From the same polling, what else do people want businesses to focus on? 31% value the role business play in creating jobs; 30% value the tax they pay, and 22% value the training they provide for staff.

This is why I would always encourage people to champion the role that businesses play in creating jobs, providing training and funding public services. It’s a message that resonates with the public and demonstrates how business is a force for good. 

To take each of these – briefly – in turn. 


Since January 2010, businesses have created 87% of the new jobs in the British economy. That is 3.4m additional jobs in the economy, 3.4m more people who have an income, purpose, structure, a place to go and a sense of self-worth and 3.4m people who are now better placed to put food on the table for their families, heat their homes, cover the rent and pay water and electricity bills


We also rely on businesses for training, for boosting meritocracy and social mobility. A strong business isn’t governed by a rigid hierarchy. A strong business rewards new ideas and performance. Those who work the hardest are inevitably promoted, paid more or head-hunted.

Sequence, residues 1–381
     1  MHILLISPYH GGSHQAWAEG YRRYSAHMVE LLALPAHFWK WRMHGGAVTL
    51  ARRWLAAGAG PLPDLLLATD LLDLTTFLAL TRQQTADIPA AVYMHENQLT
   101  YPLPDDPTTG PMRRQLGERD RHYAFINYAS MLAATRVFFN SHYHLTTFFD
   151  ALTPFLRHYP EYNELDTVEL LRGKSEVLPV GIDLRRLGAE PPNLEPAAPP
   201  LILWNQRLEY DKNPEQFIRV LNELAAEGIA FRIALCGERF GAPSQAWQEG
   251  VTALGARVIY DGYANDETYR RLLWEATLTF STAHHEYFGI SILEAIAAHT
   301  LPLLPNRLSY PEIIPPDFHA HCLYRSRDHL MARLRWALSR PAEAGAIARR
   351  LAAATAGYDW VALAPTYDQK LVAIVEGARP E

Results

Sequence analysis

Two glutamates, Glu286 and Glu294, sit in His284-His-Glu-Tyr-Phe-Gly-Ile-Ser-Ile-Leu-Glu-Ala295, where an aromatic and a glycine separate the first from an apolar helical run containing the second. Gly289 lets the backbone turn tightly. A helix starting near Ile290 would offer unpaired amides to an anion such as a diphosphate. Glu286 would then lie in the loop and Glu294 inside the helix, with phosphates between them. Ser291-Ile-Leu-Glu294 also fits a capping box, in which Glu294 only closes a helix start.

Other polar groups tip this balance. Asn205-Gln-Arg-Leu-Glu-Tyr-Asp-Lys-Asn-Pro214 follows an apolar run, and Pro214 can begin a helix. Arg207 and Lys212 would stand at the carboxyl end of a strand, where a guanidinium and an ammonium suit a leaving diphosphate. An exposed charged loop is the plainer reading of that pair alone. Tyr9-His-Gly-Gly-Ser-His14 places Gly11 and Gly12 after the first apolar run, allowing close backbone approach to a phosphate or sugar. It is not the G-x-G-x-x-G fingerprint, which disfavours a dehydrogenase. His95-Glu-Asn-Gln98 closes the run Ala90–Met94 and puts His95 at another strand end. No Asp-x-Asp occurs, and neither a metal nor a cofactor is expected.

Look at the careers of Pret A Manger CEO Pano Christou, former M&S boss Stuart Rose, or Mary Barra, the American CEO of General Motors – all of them started their careers at the company they went on to run.

According to the Sutton Trust, the proportion of CEOs who were educated in the state system overtook the percentage who were educated in the private and grammar systems for the first time in 2015. Businesses therefore recognise that talent is not confined to private schools and Oxbridge.


As well as creating jobs and training people, businesses are also responsible for paying the tax that funds our public services. 

Last year, UK companies paid some £67bn in Corporation Tax. Companies are also on the hook for VAT, National Insurance Contributions, Business Rates and an array of other duties, levies and tariffs charged in different parts of their supply chains. 

In fact, PWC calculate that in 2022, Corporation Tax was just one-third of the total taxes borne by businesses – meaning their total tax burden was closer to £201bn last year.

But it doesn’t end there. Businesses pay their employees’ salaries, upon which Income Tax is paid. With roughly three in four jobs being in the private sector, then roughly three-quarters of the Income Tax take is generated by businesses – some £187bn.